The second, societal, imperative states that the impacts are dependent on what society wants and needs from AI and how we go about fulfilling those needs. It emphasizes the agency of individuals and communities in determining how AI tools will affect society. By prioritizing societal needs and values, we can strive to harness the potential of AI to address pressing challenges and enhance human well-being while minimizing negative repercussions. However, if we abuse these tools and use them for the wrong reasons or with the wrong intentions, they can have an inverse effect, meaning they will cause more harm than good.

The third, emergent, perspective states that has not been widely used in literature on GAI. This perspective brings together both the technological and societal imperative and suggests that societal impacts of GAI emerge over time through interactions between both technological and societal aspects. The authors state that this perspective is critical for considering the future of GAI, as you cannot only take only technology or society into consideration alone, but instead, must recognize the ways in which they will intersect and affect each other.  

Overall, Sabherwal and Grover argue that at this point in the AI evolution, thousands of decisions are being made regarding its development and deployment.  If we get these decisions wrong, there could be a cascading effect on society.  We are on a knife’s edge.

Kaslyn TidmoreKaslyn Tidmore is a first-year graduate student at the University of Arkansas, earning her masters in Public Relations and Advertising. Before joining the master’s program at the Fulbright College of Arts and Sciences, Kaslyn graduated from the University of Oklahoma with a bachelor’s degree in Print Journalism with a minor in Editing and Publishing. While earning her B.A., she interned with many publications, including Parker County Today Magazine, WedLinkMedia, Modern Luxury, and the school’s newspaper, the OU Daily. She currently works as a graduate assistant at the Walton College of Business.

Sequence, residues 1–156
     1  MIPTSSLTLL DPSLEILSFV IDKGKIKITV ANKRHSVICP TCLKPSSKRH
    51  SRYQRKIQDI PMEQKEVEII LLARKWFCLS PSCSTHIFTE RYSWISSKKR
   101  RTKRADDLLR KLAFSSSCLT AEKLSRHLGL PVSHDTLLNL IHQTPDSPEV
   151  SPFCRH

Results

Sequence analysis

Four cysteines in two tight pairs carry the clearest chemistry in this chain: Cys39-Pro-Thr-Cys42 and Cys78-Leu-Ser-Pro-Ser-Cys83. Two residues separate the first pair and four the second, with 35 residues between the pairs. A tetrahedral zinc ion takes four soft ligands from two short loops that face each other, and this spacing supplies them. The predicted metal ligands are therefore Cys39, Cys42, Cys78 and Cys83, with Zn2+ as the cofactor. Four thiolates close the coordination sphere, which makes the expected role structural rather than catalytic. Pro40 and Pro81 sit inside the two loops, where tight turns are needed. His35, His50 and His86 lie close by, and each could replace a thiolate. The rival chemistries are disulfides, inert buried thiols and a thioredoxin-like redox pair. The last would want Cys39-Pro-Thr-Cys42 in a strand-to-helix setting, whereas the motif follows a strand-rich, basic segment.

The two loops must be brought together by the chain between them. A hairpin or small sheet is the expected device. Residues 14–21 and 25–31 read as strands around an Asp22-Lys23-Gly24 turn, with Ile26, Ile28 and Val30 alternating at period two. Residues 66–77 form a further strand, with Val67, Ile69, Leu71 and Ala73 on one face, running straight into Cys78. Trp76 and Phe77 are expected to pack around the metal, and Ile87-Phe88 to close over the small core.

Rajiv SabherwalRajiv Sabherwal is a Distinguished Professor, Edwin & Karlee Bradberry Chair, and the chair of the Department of Information Systems in the Sam M. Walton College of Business at University of Arkansas. He has published on the management, use and impacts of information technology and knowledge in Information Systems Research, MIS Quarterly, Management Science, Organization Science, Journal of Management Information Systems, Journal of AIS, Decision Sciences and other journals. He is a Fellow of IEEE, a Fellow of the Association of Information Systems and a Ph.D. from University of Pittsburgh.

Varun GroverVarun Grover is the David D. Glass Endowed Chair and Distinguished Professor of Information Systems at the Sam M. Walton College of Business at the University of Arkansas. He has published extensively in the information systems field, with over 400 publications, 250 of which are in major refereed journals. He is consistently ranked as one of the top five researchers globally in the Information Systems field based on publications in top journals and citation impact.

- VG